Faith in Christ is a highly “vulnerable” venture. Many of us apparently assume that real, genuine faith provides a sense of certainty, and stability; and I think this is a rather safe assumption, given the nature of our triune God. But, there is a flip side to this, and I think that it flows from the nature of God who is trinity. Within the triune life we see the Father loving the Son, by “giving” Him for the world; we see the Son loving the Father, by “submitting” Himself to the will of the Father; and we see the Holy Spirit “putting the Son first” by creatively magnifying the life of the Son, thus providing communion between the Father and the Son. And we really only see what “happens behind the scenes” as we see it exemplified by Christ in His benevolent act of redemption for all of humanity.
In the Gospel of Luke we find the Savior in the “garden” of Gethesmene just prior to His arrest and crucifixion; we hear Him cry out to the Father in angst: . . . Father, if you are willing, take this cup from me; yet not my will, but yours be done. . . . This is only a reflection of the attitude and relationship Jesus has shared with the Father for all eternity; there is vulnerability and trust on the part of Jesus, He implicitly trusts the Father. He has no other alternative, given the kind of relationship He has with His Father. Even though He is in dire straights, overwhelmed, experiencing The dark night of the soul, par execellance; He casts Himself on the love and mercy of the Father. His heart is broken, He is full of fear, He is being slammed by the dark forces of this world, and He is hoping that there is another way.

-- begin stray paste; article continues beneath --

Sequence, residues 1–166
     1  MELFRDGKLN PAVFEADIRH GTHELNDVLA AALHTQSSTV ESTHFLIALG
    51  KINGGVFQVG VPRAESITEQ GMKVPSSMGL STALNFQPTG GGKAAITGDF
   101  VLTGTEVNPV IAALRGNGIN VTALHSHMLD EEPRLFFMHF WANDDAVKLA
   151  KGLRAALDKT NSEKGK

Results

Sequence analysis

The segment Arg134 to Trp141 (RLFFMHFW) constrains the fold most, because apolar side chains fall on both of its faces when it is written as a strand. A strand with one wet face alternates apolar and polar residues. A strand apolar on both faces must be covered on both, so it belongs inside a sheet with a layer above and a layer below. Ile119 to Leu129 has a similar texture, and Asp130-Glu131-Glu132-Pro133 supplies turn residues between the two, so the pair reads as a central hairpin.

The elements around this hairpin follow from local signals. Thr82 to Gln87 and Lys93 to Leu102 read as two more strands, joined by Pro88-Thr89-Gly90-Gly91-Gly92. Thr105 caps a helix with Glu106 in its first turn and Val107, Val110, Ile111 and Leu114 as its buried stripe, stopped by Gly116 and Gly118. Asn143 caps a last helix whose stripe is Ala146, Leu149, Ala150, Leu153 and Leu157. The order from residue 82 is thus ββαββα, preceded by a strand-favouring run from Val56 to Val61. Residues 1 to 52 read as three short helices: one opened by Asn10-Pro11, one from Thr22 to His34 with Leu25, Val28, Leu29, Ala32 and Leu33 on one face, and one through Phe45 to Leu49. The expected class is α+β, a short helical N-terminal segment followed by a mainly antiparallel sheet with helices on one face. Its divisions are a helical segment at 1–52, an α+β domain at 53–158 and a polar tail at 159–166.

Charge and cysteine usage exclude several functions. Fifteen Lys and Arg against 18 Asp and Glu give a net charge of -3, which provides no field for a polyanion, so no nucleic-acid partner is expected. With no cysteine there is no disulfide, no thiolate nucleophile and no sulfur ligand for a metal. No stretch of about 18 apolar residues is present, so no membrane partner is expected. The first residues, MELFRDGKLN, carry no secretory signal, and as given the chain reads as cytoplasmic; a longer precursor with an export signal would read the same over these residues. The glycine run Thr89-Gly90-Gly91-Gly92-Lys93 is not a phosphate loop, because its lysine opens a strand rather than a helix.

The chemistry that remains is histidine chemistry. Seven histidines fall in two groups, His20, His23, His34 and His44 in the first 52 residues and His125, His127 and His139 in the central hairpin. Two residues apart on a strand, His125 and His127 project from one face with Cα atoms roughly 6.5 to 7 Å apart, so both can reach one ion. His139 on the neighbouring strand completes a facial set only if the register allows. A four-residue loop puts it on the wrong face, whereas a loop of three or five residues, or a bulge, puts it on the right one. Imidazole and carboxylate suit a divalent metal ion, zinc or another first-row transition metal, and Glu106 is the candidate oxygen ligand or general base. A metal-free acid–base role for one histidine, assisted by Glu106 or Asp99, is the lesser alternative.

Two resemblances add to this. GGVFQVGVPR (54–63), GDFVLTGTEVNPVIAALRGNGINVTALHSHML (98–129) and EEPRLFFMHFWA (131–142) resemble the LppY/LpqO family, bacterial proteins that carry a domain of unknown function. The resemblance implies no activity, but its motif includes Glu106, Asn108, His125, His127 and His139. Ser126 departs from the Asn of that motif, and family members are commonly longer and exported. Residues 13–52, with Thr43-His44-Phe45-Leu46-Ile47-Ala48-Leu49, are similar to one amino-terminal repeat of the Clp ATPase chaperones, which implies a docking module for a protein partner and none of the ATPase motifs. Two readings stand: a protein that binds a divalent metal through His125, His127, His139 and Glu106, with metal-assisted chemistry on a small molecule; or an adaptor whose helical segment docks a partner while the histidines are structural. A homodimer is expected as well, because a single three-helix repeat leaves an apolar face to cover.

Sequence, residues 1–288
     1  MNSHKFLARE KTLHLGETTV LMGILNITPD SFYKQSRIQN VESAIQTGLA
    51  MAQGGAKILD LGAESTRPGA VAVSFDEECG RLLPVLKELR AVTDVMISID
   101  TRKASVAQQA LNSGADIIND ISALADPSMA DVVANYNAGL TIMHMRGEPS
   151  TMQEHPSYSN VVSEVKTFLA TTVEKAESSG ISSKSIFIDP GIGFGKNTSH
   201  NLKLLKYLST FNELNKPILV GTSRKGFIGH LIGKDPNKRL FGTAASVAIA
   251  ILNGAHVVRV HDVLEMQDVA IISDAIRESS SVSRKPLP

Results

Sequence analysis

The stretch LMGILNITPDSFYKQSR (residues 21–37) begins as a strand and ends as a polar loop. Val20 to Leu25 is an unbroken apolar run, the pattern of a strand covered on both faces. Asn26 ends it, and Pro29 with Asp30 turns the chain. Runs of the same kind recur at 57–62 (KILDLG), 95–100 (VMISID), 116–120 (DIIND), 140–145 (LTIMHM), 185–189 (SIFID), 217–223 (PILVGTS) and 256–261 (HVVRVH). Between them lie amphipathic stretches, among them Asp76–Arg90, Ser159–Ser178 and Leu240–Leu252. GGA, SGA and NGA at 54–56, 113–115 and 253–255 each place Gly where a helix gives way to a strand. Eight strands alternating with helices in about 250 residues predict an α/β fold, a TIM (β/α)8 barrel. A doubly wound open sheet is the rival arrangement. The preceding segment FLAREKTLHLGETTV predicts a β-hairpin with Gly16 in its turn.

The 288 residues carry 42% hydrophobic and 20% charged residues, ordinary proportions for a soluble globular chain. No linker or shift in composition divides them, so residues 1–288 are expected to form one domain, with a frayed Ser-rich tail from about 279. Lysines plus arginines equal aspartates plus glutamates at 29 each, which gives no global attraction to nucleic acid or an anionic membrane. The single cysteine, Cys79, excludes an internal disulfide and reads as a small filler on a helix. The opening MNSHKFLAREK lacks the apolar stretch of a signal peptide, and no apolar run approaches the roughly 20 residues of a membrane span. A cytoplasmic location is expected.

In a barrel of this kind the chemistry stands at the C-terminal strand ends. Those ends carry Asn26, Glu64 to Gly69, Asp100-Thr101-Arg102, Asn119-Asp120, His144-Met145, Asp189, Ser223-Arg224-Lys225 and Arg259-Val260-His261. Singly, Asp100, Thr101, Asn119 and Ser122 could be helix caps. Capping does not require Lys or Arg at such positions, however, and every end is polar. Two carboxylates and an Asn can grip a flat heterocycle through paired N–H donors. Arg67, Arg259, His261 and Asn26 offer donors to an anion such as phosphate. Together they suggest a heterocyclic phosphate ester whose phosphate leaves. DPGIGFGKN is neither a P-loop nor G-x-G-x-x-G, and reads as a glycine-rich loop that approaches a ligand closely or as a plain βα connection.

Again, but this time in the Gospel of Matthew we meet Jesus in a total state of angst, as He bears the sins of the world within His body; He cries out to the Father, . . . Eloi, Eloi, lama sabachthani?—which means, My God, my God, why have you forsaken me? And then in the next few breaths, as recorded in Luke; . . . Father, into your hands I commit my spirit. This is the kind of relationship Jesus has with the Father, by the Holy Spirit; one of complete trust, and naked vulnerability. Because of the nature of God’s life, one of interpenetrating openeness and vulnerability, love and trust for short, He, the Son willingly and naturally comes for us. He expresses His complete trust and vulnerability as He humiliates Himself to the point of death for us. He is willing to be acted upon, and passively take our condemnation upon His body; He trusts the Father, by the power of the Spirit, even when He only hopes there might be another way. He experiences complete abandonment by the Father, and at the same time wholistically entrusts His life into His hands; in seeming paradox, and even “foolish” trust.
Why should we be any different? Why should the relationship we now have with the Father, through union, by the Spirit, with Christ be any different? Why should we be surprised when the LORD acts upon us as His dearly beloved children? Why should we do anything, even when we don’t understand, even when we wish there was another way around the angst facing us, other than implicitly and “foolishly” trust the Father? Why, if the life that we have is Christ’s, should we think that there would be any other kind of existence except one of total and complete vulnerability with the Father? We are not our own, we have been bought with a price, and that price is the precious blood of Jesus Christ! Remember, what death and vulnerable trust produced for Christ; triumph and salvation for the whole world. It is this vulnerability that characterizes the Christian’s life of faith, it is a faith charged with the very life of Christ Himself; and it is a vulnerability that we now share with Him in the very triune life of God! Amen.